Ford Dashboard Lights
Have you ever been driving along, enjoying the sun and some good tunes, when all of a sudden you hear beep and see a light flash on your dashboard? It can be extremely stressful: You’re on the road, away from home, with a warning light flash glowing on your dashboard. Many drivers (naturally) panic, a million questions racing through their minds:
“Should I pull over? Did I damage my car? Will I make it home?”
Here’s the thing. Not all warning lights indicate a massive, immediate problem with your car. Each Ford instrument cluster is loaded with warning lights and notifications, and not all are bad. Knowing what your dashboard is trying to tell you may prevent that panic attack the next time a warning light flips on.
Dashboard warning lights, or dashboard symbols, are designed to let you know when there’s a problem with your vehicle. Advance alerts about a potential problem or breakdown can help you avoid catastrophic vehicle failure, or even just running out of gas.
Most warning lights do not mean a car is nearing imminent failure. Rather, they notify drivers of a potential issue that needs to be reviewed. Minor failures like a loose gas cap can cause warning lights to pop on, startling many drivers. Fortunately, all dashboard symbols are color coded, allowing you to determine your next course of action easily.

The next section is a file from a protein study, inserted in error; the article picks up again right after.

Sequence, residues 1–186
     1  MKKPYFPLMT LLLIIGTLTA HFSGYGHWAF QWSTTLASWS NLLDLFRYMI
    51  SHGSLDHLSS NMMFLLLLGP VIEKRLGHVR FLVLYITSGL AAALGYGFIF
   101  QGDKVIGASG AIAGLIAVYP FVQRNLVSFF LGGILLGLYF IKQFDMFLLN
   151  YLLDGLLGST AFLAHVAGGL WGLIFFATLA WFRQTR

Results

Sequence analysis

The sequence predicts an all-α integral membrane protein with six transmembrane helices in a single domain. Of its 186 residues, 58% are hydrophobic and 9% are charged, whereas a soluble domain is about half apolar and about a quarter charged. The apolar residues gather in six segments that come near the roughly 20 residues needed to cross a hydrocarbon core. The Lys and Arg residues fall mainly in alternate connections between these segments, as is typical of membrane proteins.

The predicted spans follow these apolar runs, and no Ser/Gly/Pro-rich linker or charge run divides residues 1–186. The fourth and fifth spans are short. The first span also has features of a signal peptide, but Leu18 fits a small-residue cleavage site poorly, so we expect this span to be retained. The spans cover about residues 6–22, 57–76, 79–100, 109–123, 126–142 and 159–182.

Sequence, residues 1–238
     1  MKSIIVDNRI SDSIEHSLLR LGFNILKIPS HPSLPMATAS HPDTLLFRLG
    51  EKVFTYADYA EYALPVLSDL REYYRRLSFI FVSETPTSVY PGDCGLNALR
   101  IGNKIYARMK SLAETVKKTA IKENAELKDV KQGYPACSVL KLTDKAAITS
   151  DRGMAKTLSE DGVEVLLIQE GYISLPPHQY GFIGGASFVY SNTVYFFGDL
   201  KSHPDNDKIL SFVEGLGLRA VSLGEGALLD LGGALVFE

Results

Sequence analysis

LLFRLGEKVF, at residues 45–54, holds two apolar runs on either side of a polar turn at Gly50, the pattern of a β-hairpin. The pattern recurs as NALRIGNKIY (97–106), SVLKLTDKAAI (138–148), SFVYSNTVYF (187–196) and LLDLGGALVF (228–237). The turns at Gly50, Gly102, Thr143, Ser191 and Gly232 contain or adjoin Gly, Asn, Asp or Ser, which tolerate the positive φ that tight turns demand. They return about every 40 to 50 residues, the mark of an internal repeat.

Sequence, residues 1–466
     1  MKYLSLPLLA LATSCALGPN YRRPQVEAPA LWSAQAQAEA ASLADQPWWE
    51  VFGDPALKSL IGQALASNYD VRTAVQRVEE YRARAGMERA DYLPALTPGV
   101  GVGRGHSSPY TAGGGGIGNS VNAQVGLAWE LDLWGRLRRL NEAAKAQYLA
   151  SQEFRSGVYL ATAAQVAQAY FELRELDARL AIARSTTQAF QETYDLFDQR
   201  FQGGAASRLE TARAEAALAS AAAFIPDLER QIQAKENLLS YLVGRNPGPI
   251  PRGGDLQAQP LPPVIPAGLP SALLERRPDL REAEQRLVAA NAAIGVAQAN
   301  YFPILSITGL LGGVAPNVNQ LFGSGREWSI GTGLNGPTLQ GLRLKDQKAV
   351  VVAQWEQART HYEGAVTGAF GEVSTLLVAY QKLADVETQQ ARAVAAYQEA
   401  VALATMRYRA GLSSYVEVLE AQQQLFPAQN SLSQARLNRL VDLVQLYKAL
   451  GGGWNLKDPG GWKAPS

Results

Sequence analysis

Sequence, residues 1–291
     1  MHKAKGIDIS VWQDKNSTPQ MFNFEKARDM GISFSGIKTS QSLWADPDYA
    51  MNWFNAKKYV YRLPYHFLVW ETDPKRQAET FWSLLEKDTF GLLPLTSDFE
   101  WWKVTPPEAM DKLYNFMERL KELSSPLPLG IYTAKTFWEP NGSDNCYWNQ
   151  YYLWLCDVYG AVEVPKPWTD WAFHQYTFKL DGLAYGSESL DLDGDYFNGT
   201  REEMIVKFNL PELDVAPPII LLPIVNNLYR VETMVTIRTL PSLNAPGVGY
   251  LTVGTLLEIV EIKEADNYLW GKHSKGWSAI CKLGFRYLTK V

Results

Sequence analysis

What do dashboard light colors mean?
Each warning light represents a different aspect of the vehicle’s system and is color-coded by urgency. Only a flashing red light means pull over immediately.
There are three dashboard light colors on most dashboards: yellow, red, and orange (and, occasionally, blue or green). The most severe alerts are displayed in red or orange. Generally, if you see an orange or red warning light, pull over as soon as safely possible and drive cautiously to determine what is happening.
Yellow lights typically indicate a less-serious problem. A yellow light can quickly become a major problem, so don’t ignore it. Schedule a service appointment for your vehicle as soon as possible.
Finally, green or blue (occasionally even white) lights indicate a particular feature or system, like high beams, has been activated and is working properly.
Knowing what each different color signifies is a great starting point for diagnosing what’s happening on your vehicle’s dashboard, but it doesn’t actually address the problem; it only informs you of the urgency. To truly understand what’s happening with your car, you need to examine the symbols, too.
What do the dashboard symbols mean?
Each dashboard symbol corresponds to one aspect of the car. These symbols can be grouped together by color, system, importance, etc. Let’s take a look at some of the most common dashboard warning lights and their corresponding system.
Engine Light: One of the most sensitive lights on a Ford, the check engine light has two warning levels. For less serious issues (assuming the vehicle is operating normally), the light will stay on but remain steady. If the light blinks, however, there is a major issue. Do not drive the vehicle. Have it towed to the nearest repair facility.